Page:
The Pier 57 rooftop park.
Photo: Brett Beyer
It took me a minute – or more like 15 – to find the new Google Park. It’s technically called the Pier 57 rooftop park, and it’s the city’s newest public park, although due to its location (literally above Google’s new offices), its funding (by private developers), its relative inaccessibility and, as I discovered once I finally found it, the number of built elements, it looks like one of the least public (and least park-like) parks around. from New York.
But first I had to find him. How hard could that be? I had googled (sorry) “google park hudson river” and figured out it was at the intersection of 15th street and the river. But as I walked down 15th Street toward the Hudson River, past the busy Chelsea Market, past the newly unionized Starbucks Reserve Roastery, past what I remember was Tom Colicchio’s Craftsteak ( RIP), just across from what used to be Morimoto (RIP), on West Street, newly brought to life, you might say, by Thomas Heatherwick’s Little Island, I just couldn’t find it. I didn’t think it would be so difficult to find what I saw as Manhattan’s hot new public park, one that had been in development for over a decade. I was wrong.
Normally, it takes me enormous effort to leave the house; I just like being at home. But during the pandemic, when parks were among the few places that felt safe, I grew attached to a number of them. I spent hours at the start of the pandemic with my then-new boyfriend at Herbert von King Park in Bed-Stuy, where the energy feels relaxed and the fashion-focused people-watching was enough to keep us busy during the seemingly endless pre-vaxx summer hours. Sometimes we would go to McCarren, where our people watching took the form of sky-high body fat percentages and extraordinary public yoga sequences. Occasionally we found ourselves at the water’s edge at Marsha P. Johnson State Park, which had fewer people to watch but turned out to be an indulgent off-leash paradise for our dog. We took a stressful ride through dominoes park, which felt over-determined and crowded with difficult walkways and towering volleyball courts with a warning sign every few yards. More recently, I walked along the wide concrete walkways of Brooklyn Heights Promenade, occasionally stopping to sit on one of the seemingly endless benches and gaze out at Manhattan. There, the stretches of grass aren’t the highlight, but it still feels like a park due to the clarity of the path, the nearby natural features, and the crowds.
Despite my recent enthusiasm for the park, Google Park, or Pier 57’s rooftop park, was hardly on my radar. Usually, when a new public space opens in New York, I only discover it by osmosis: an Instagram post from a friend, a sponsored advertisement by browsing the news. But this rooftop space arrived without the praise or criticism that has come with recent openings, like Moynihan Station or the Manhattan West development, which has been plastered on every billboard. It’s part of a larger renovation of a historic pier that’s been largely empty since a Transit Authority depot closed in 2003. As one of the piers the Hudson River Park Trust can lease for commercial purposes, it was leased to a team of developers. made up of RXR, Young Woo & Associates and Baupost Group, which invested $410 million in the renovation. The overall project (which went through some previous shots by the much more theoretically inflected firm Lot-Ek in 2009) is led by Handel Architects, who do many tall, mostly innocuous towers, while the rooftop park itself is designed by !melk. Inside the pier building, under the rooftop park, Diller Scofidio + Renfro is designing the spaces for the largest tenant, Google, to add to what it already has at Chelsea Market and will have at the St John’s. So while it’s not actually Google Park, when employees move in, it might feel like it. City Winery is already there, taking up a large corner of the first floor, and soon there will be a 50,000 square foot “public” space inside that will include a food hall supported by the James Beard Foundation. But I didn’t know all that when I went, and I doubt most visitors do. All they’ll know, and all I knew, is that there’s a new two-acre park on top of a building that could be fun.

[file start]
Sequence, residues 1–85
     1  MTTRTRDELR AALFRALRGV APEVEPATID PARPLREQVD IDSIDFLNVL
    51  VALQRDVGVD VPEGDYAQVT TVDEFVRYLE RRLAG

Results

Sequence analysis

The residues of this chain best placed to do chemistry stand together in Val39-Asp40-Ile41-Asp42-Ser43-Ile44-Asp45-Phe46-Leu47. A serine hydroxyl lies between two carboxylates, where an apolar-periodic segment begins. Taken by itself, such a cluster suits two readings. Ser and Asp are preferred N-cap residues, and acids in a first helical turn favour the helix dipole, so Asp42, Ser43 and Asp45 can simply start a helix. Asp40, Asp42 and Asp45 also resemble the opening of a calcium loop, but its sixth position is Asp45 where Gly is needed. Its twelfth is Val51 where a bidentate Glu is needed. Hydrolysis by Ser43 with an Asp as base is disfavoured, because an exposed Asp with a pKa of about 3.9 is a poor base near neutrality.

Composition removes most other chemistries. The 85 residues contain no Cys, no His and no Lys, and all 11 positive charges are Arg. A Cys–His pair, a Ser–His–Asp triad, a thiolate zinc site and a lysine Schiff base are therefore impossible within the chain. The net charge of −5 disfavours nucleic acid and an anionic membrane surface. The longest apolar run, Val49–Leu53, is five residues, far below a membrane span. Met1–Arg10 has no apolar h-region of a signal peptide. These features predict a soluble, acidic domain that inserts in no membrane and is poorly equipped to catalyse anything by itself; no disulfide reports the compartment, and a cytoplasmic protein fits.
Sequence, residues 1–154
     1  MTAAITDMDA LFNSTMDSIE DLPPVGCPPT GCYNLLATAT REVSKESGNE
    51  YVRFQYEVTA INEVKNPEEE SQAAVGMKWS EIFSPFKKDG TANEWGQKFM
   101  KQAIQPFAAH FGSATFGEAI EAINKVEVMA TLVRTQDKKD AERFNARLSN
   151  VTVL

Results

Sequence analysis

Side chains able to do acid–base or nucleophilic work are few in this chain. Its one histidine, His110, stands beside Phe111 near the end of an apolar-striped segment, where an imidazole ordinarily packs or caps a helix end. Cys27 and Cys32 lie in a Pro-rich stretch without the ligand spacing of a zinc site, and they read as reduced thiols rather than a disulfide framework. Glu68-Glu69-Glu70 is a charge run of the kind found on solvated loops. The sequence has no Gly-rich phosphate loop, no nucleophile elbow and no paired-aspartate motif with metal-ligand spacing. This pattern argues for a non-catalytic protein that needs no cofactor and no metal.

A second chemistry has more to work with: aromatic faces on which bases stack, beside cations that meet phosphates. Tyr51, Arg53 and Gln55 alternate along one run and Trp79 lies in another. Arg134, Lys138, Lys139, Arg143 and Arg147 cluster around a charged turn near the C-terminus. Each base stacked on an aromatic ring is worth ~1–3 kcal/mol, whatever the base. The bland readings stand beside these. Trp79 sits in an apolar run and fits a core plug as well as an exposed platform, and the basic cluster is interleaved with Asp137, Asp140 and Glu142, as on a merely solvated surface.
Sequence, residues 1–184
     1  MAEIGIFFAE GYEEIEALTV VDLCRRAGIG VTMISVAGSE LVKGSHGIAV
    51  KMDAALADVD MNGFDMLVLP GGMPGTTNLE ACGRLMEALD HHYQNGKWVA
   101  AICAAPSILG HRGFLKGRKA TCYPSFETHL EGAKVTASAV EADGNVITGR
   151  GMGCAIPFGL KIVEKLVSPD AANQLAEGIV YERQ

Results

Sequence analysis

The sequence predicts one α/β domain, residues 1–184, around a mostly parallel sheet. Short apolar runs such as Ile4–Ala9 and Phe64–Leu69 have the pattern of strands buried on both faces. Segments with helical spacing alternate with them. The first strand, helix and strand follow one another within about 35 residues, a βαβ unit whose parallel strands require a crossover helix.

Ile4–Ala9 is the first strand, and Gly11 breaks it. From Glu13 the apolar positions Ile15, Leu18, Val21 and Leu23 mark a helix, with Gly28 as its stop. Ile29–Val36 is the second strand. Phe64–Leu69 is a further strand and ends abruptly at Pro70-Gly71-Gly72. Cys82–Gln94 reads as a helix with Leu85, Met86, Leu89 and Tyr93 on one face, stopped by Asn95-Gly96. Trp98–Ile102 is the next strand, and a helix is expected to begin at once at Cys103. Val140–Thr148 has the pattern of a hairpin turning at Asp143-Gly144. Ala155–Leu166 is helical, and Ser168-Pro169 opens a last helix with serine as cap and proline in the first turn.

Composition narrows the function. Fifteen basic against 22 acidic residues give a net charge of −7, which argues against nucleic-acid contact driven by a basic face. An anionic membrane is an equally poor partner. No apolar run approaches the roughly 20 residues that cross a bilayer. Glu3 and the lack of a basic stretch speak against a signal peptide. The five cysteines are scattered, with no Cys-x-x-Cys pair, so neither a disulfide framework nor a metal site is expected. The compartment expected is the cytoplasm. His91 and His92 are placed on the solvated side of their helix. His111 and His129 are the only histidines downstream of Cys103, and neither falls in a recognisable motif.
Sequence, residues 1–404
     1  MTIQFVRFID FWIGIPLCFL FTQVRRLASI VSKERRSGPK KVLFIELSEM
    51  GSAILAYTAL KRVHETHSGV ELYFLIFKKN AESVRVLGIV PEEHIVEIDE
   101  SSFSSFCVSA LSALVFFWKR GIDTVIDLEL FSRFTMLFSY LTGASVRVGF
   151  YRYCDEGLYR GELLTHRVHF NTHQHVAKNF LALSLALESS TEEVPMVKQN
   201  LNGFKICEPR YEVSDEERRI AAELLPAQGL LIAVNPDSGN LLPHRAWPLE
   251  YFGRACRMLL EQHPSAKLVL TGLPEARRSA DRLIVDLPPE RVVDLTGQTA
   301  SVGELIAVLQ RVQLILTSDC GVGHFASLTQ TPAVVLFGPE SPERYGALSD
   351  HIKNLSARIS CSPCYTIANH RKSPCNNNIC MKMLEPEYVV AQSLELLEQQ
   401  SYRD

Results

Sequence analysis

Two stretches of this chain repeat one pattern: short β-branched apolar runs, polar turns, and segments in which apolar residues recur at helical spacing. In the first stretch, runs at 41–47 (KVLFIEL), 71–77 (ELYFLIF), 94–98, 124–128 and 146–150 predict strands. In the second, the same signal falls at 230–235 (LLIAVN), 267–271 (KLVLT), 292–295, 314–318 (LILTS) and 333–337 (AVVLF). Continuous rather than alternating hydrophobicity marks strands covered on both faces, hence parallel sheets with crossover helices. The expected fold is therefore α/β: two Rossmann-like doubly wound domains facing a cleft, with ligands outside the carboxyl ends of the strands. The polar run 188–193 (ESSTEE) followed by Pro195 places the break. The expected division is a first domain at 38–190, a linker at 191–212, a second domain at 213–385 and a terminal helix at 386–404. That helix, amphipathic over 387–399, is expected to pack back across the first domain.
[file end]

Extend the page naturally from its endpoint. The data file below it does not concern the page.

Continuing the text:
Pier 57, seen from the Hudson.
Photo: Brett Beyer